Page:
The ADP Data Access Odyssey

I recently undertook a project that is important for all of us in the automobile dealership industry who are seeking better ways to attract and keep customers. In the automobile dealership industry there are only a few key players providing comprehensive computer systems for the automobile dealership. The auto dealership group I work with has 21+ dealerships and has recently converted from the old Saturn EDS AS400 system (purchased by ADP to become ADP ARG) to the ADP Elite (recently rebadged as ADP Drive) system.

BMW Art Car Jeff Koons

I am not a professional programmer however I do enjoy writing code and staying current on the technological improvements in our world. I am a CPA by training and education with a BA in Economics who has worked in the car business since graduating from college many years ago. I have actually been a factory-qualified Dealer in addition to being a General Manager, CFO, Controller, Salesperson and IT Director. One of my current hats is IT Director and so I find myself embarking on this project. I thought it might help to recount my experiences about all things ADP since there is not a lot of transparency on the web in this area. I believe the retail automobile business is relatively unsophisticated in terms of IT. We typically rely on DMS (Dealership Management System) vendors to keep us informed and that leaves us a  bit like a child growing up in a closet; it is hard for us to know what is out there in the IT world. I undertook to change that, at least in my world.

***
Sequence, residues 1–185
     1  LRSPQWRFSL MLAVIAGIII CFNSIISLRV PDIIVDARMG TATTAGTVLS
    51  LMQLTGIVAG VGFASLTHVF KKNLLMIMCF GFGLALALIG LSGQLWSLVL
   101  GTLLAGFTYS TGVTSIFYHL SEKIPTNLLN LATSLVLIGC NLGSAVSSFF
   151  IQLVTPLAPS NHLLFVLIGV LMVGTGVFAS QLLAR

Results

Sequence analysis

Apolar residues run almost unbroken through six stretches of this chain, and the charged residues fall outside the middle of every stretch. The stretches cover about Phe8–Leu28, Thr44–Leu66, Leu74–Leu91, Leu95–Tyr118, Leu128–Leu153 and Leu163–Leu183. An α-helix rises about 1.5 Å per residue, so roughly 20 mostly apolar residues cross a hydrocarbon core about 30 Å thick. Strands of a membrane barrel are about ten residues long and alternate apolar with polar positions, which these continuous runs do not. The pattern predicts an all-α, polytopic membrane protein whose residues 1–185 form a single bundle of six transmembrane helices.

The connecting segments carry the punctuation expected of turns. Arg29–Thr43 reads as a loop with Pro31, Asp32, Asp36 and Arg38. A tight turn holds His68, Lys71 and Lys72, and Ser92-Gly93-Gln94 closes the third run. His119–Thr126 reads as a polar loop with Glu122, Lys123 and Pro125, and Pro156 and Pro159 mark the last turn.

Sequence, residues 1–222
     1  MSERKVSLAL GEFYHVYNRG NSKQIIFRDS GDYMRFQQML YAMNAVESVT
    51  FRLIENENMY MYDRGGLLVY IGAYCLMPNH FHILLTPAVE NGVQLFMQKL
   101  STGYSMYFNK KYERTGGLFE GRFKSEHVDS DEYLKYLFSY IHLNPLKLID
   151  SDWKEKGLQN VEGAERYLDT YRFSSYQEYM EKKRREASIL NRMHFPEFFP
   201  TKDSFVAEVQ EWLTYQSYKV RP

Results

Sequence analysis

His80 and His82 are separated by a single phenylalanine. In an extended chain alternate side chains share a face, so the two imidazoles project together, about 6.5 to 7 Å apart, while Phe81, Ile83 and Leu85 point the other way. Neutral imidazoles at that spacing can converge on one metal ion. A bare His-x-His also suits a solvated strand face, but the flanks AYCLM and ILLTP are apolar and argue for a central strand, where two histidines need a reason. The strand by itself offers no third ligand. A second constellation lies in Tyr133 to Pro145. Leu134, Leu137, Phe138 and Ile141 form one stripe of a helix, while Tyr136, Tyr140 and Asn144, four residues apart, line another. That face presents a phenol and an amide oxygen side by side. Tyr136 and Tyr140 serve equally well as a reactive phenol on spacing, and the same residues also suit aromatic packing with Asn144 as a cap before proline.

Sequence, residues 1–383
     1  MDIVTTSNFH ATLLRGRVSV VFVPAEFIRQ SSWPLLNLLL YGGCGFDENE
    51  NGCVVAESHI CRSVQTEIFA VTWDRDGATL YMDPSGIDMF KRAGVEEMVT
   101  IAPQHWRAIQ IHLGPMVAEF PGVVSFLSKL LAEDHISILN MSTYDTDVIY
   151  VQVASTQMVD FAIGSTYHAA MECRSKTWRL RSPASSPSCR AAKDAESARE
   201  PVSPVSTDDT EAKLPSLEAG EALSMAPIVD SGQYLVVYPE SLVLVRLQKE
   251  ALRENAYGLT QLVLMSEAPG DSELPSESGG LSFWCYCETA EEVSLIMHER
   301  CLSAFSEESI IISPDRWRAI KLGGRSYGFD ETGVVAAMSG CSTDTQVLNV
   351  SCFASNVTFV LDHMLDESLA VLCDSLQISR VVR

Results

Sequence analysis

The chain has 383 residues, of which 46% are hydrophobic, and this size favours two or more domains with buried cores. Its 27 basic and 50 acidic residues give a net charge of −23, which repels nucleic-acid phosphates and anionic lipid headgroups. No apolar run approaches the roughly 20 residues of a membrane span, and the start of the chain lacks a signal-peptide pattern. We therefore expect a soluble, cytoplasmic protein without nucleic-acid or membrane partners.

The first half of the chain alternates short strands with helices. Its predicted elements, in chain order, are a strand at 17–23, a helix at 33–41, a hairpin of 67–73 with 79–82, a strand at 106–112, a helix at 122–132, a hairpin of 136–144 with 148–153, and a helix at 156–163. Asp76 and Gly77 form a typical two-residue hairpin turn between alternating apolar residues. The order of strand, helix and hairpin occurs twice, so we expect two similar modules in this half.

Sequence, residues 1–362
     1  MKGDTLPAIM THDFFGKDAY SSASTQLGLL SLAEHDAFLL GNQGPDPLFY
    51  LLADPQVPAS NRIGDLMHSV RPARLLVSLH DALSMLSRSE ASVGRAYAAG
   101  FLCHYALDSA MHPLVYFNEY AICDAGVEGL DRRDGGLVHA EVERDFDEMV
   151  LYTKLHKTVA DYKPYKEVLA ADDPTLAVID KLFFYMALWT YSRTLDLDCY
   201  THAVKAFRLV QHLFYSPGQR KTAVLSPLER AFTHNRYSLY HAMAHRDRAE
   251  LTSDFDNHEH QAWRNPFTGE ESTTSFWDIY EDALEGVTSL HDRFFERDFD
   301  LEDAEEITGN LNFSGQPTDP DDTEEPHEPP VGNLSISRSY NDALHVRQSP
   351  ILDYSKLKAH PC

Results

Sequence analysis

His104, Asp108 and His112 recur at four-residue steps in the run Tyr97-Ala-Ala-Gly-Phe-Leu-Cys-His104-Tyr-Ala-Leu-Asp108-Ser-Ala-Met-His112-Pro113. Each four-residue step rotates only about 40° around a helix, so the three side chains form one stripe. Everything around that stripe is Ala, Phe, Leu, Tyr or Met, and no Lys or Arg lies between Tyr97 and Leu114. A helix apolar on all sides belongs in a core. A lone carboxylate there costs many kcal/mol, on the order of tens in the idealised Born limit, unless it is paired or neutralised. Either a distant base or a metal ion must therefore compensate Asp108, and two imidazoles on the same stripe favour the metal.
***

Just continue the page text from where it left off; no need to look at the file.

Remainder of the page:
DMS providers capture data, summarize it in various ways and report it back to us. I believe a competitive advantage is available for dealerships that get into that data and mine it for gold. If I can glean some opportunities from my data and my competitor’s are just looking at standard reports, I win.

For the past 10 years I have written IBM SQL data queries using Showcase Strategy for my employer and others. The EDS Saturn system was wide open in terms of Data Access. Showcase Strategy is a very robust front end for querying the DB2 database. However the Saturn EDS system was old when EDS got a hold of it and modified it for Saturn. The redeeming factor though was the ability to extract information using a robust language (DB2 SQL) and a killer front end (Showcase Strategy).

Since Saturn’s demise ADP has decided to drop support for their ADP ARG (EDS AS400) system and we needed to move up to Elite (Drive) or go elsewhere. In the evaluation and negotiation process I was sure to focus on data access as one of our most important requirements.

ADP’s platform is based on the PICK DBMS and this very old system has been built upon for over 25 years I would guess. It is a UNIX box I believe with PICK installed. When James Pick died it seems the DBMS was taken over by IBM. There must be a few installations out there for that to happen eh? Anyway, ADP doesn’t offer much in terms of Data Access out-of-the-Box other than PICK query statements called ENGLISH. There is only access to individual files with no JOIN capability. The selection of functions and operators is not good as well. This was not going to do for us so I kept pushing the ADP reps for a solution.